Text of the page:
Boston’s commercial real estate market continues to progress at a healthy pace, attracting global brands such as Amazon, GE, PwC and Wayfair. We attended a recent multi-panel discussion, organized by Bisnow in Boston, focused on the fundamentals of the sizzling local market and what makes it so attractive.

Boston Holds 68 million Square Feet of Office Space

One trend that remains persistent throughout Boston is the demand for office space. Vacancy in Back Bay is in the single digits, and one of the Seaport’s newest commercial buildings has already been fully leased to major technology and pharmaceutical tenants PTC and Alexion prior to its completion. Despite all of the activity taking place, it is crucial to remember that Boston has not yet reached its ultimate peak. There is still plenty of room to grow in markets beyond Boston proper and Cambridge.

Tenants’ ‘Wants’ Drive Demand

When considering a commercial space, the speed of delivery, flexible lease terms and community building are of upmost importance to prospective tenants. Partly due to the increased popularity of co-working spaces and the flexibility they offer, tenants are increasingly looking for creative and adaptable spaces that can adjust to meet their employees’ needs. Today’s tenants have an increasingly millennial workforce, and their wants are uniquely focused around experiential services such as coffee and food options, fitness classes and collaborative spaces that encourage socializing with colleagues.

Co-working Is the Disrupter

The morning’s panelists – a mix of developers, architects and investors – were in agreement that co-working, a modern, shared work environment with thoughtfully designed collaborative spaces where people who are not employed by the same organization can rent desk space and work alongside one another, has in some way caused a disruption in the traditional office market. Nonetheless, many tenants today are looking for new ways to make their spaces more flexible and are moving away from the traditional office build out – largely in part to the success of co-working environments such as WeWork and others. In addition, prospective tenants are looking beyond a building’s location, security and maintenance, and are focusing on the ratio that is available between communal spaces, private rooms and access to the outdoors. It remains to be seen how the co-working model will evolve in the future, but already the concept is making its mark on Boston’s offices.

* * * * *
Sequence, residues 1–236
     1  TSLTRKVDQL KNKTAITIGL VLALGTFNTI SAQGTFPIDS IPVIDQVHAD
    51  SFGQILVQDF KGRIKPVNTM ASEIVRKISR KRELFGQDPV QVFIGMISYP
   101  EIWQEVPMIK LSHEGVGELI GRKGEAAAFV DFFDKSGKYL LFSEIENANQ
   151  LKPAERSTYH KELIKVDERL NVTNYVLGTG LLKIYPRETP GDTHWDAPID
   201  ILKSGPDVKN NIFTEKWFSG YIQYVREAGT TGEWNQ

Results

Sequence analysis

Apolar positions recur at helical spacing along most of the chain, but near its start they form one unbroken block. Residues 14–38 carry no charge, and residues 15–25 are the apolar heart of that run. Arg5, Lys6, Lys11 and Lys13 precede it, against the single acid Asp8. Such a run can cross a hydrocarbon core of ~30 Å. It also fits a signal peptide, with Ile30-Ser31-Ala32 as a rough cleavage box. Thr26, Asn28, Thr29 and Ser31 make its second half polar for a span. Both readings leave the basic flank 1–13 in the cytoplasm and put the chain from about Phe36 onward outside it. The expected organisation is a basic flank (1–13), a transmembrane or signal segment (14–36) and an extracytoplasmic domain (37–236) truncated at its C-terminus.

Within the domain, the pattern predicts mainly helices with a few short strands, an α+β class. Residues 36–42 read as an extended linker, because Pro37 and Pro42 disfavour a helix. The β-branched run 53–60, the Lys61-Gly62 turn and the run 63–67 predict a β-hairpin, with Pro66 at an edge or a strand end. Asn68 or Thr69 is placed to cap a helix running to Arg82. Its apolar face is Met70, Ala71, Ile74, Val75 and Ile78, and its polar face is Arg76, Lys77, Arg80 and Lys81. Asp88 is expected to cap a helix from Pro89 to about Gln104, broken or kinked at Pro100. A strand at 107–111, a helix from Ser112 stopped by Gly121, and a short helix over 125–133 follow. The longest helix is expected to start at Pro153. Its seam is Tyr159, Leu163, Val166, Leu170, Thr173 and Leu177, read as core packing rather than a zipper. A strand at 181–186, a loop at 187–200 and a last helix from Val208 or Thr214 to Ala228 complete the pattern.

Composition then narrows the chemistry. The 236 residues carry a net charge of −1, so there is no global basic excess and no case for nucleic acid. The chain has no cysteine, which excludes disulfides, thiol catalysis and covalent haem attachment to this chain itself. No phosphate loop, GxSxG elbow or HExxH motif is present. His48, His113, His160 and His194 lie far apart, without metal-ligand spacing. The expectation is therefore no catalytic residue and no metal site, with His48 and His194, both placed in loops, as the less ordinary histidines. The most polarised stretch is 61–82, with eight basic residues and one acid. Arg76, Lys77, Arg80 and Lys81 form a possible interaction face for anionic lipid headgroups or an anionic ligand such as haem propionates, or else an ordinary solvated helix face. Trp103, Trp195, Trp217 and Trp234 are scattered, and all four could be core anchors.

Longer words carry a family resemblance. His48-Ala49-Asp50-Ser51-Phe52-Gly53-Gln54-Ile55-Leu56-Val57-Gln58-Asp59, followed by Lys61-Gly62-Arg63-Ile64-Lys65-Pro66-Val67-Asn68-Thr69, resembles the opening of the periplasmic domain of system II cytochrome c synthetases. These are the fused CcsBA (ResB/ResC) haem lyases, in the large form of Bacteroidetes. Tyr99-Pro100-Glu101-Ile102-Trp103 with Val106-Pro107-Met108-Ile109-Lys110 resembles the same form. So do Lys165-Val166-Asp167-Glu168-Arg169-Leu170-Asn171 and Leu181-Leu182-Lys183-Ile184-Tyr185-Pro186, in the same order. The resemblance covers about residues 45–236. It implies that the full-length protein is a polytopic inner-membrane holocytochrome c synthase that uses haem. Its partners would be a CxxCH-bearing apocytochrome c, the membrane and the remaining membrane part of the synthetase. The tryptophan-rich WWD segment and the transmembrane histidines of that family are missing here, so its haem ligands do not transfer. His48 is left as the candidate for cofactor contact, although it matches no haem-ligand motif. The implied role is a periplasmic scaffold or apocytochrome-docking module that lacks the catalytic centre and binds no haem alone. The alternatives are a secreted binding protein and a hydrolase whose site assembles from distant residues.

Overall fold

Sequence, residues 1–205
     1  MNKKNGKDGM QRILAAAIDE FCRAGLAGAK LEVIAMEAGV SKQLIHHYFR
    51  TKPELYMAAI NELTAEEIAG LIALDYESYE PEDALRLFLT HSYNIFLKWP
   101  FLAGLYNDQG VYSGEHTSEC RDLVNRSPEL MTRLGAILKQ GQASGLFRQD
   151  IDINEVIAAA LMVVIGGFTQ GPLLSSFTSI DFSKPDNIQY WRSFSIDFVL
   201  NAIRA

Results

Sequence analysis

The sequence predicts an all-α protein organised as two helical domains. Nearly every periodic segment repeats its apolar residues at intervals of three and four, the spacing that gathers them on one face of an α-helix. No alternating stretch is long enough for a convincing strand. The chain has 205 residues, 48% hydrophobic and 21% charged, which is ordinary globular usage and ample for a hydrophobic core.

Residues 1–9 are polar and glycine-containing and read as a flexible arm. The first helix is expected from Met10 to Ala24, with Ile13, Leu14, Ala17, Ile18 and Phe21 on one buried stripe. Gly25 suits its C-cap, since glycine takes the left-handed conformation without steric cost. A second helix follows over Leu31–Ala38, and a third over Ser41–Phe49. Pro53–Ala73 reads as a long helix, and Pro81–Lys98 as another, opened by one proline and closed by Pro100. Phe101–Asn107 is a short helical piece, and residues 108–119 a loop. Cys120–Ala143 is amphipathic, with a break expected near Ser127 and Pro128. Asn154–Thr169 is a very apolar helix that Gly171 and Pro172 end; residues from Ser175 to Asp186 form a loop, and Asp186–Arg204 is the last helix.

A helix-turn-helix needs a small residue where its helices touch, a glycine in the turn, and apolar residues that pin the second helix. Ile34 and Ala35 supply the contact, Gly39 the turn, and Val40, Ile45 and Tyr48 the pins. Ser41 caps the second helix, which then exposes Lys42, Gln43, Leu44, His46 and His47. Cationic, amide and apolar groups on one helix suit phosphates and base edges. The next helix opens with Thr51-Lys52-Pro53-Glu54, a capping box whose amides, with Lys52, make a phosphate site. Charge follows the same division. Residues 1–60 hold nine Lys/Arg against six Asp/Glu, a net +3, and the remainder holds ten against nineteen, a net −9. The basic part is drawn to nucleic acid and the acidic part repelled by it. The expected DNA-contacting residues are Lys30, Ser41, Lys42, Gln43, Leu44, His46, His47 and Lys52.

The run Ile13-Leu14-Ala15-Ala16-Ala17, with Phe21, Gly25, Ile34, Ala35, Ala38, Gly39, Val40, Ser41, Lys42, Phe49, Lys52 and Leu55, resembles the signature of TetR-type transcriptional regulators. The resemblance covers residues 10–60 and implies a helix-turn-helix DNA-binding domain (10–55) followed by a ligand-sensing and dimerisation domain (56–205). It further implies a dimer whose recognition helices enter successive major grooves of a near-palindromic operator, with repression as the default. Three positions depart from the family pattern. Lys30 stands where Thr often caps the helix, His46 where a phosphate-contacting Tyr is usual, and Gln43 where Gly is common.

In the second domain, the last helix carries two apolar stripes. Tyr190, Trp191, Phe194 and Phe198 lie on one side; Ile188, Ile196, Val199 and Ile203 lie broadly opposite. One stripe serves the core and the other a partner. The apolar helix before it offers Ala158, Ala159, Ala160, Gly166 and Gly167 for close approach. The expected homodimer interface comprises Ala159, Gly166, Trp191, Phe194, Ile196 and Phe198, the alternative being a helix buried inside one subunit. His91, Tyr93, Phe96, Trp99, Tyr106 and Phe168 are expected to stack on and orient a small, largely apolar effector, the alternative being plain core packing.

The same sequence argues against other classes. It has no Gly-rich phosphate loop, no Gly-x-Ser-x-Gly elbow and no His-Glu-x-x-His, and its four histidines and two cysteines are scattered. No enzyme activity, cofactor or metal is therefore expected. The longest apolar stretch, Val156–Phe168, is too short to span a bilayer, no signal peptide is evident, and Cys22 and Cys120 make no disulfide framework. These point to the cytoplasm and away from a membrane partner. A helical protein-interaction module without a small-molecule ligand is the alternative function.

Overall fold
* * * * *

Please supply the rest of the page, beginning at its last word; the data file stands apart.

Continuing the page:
Throughout the exciting discussion on the market and progression of CRE trends, a few additional questions arose that remain to be seen:

Will residences integrated within office buildings become a trend in Boston?

Will modular building techniques become utilized for commercial construction?

These elements undoubtedly add a new layer to the CRE landscape as we know it and we can’t wait to see what the future will bring.